In the winter of 2004, I began work on DOG Town, a series of photographic views and characterizations, made in a small, neglected working class town in the Mississippi River valley where I was born and raised. My grandfather, and then my father, owned a small sheet metal fabrication shop in our town, and for two generations, serviced the once vibrant steel and ammunition plants that are now fledgling and in disrepair.
Growing up in the second half of the twentieth century my conceptualizations of industrial labor, like many of the girls and women I knew, were vague and ill defined. The factories were merely places along the horizon of the river, dull facades with vermiculate patterns and clusters of indistinct stars, or clouds and haze, gray with a nebular glow. Nearly everyone I knew had fathers, brothers, husbands, sons, friends and lovers who labored in these local factories, working night shifts, calculating the material and emotional expense of holiday pay and overtime, and who often drank hard and steady.
Together these pictures comprise a quiet, often starkly beautiful meditation on the mineral wastes and dregs of an unsparing indifferent economy. And, though I have employed the elegant, well-worn mannerisms of photographic documentation, Dog Town is not merely a historical record. It is also an elegiac work of remembrance, mourning, regret and conciliation for my father and men at work in a different time and place. The images that follow are mined from my earliest recollections, those still constellating on the edges of my awareness, and (now) perceived through adult consciousness. They are made up of tired light, dog days and falling, rendering time through the strange and luminous reflections of winter light.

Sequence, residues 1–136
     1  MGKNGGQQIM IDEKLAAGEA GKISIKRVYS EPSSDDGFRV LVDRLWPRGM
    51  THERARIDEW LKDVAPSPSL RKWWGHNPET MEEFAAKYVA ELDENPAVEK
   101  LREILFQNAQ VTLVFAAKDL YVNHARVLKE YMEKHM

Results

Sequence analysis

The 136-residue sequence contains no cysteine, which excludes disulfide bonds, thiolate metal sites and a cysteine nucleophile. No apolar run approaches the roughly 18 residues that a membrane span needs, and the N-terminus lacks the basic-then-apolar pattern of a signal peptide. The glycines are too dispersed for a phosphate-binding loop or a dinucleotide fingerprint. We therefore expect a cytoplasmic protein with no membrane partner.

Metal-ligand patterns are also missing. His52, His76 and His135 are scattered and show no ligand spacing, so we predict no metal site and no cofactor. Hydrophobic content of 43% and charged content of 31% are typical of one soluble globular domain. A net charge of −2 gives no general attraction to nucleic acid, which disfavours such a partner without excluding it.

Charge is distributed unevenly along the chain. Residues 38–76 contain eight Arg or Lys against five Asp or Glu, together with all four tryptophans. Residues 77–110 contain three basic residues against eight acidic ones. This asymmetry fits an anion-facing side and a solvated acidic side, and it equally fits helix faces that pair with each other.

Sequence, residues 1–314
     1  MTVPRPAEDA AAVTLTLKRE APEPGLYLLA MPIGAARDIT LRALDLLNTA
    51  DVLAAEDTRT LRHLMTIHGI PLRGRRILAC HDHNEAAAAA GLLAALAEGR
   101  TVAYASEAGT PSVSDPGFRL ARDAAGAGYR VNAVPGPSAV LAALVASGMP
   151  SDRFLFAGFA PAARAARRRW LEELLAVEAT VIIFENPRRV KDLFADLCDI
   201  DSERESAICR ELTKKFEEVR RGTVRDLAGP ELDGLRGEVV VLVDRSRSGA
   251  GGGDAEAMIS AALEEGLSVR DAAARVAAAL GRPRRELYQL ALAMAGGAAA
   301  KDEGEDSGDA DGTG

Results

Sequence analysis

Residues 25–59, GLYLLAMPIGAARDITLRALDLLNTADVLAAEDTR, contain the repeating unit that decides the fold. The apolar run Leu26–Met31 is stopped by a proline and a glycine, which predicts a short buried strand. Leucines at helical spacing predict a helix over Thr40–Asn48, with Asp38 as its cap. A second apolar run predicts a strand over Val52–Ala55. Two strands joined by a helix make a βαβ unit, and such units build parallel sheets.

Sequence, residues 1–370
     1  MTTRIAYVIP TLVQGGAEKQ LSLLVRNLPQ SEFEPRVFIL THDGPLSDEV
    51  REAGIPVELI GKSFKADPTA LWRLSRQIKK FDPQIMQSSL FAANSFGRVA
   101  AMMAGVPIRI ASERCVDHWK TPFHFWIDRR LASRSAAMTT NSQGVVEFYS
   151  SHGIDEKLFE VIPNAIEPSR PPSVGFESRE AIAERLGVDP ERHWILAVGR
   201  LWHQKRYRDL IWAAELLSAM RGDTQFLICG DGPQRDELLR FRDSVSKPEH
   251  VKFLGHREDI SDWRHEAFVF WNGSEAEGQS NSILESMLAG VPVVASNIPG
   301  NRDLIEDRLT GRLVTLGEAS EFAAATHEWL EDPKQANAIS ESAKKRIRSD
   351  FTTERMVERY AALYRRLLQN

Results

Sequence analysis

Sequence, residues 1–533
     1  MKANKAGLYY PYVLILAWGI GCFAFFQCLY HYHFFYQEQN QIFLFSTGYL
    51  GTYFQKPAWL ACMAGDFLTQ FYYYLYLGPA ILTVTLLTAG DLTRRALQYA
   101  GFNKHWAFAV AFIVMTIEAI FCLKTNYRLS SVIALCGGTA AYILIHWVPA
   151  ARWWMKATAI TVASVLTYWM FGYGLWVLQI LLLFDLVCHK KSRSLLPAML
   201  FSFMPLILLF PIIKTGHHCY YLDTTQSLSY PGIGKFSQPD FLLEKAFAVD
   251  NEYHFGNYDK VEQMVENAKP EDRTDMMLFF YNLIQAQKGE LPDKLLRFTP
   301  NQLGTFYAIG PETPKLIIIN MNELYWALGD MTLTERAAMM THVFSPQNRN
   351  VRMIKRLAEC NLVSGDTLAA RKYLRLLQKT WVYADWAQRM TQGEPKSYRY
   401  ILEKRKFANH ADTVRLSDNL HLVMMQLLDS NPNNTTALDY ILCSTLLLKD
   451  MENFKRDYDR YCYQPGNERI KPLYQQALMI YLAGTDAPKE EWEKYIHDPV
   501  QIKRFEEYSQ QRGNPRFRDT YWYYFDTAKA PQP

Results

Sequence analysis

Vanity + Consolation
I grew up in the Middle West in a small blue-collar town on the Mississippi River and experienced estrangement and shock as I moved farther and farther away from home. After photographing the landscape in the small villages and towns where I had once lived, I began my portraits of women, girls, children and their families as a way to look inward and remember, to question my surroundings and to examine what felt like a kind of homelessness. My imaginative response was to retreat inside. I rarely ventured outside homes, backyards and private gardens intent on showing the complexities and forcefulness of inner life. The landscape receded, still important and symbolic, but now becoming a ground to build character.
After all, the world I photograph remains the world of my childhood. I have tried to make pictures from this place, the place of an insider, with all of the contradictions and ambivalence this implies. The women and girls in my pictures stand in as surrogates struggling with conflict between heart and body. The challenge as I see it is to break through an ancient and nearly impenetrable surface of vanity and to seek out the small cracks, the holes and whorled places that hold our pain, our sadness and our beauty. I understand my work much like one understands a rudimentary map. It is a modest effort to understand the diffuse and complicated scale of spirit and sensuality.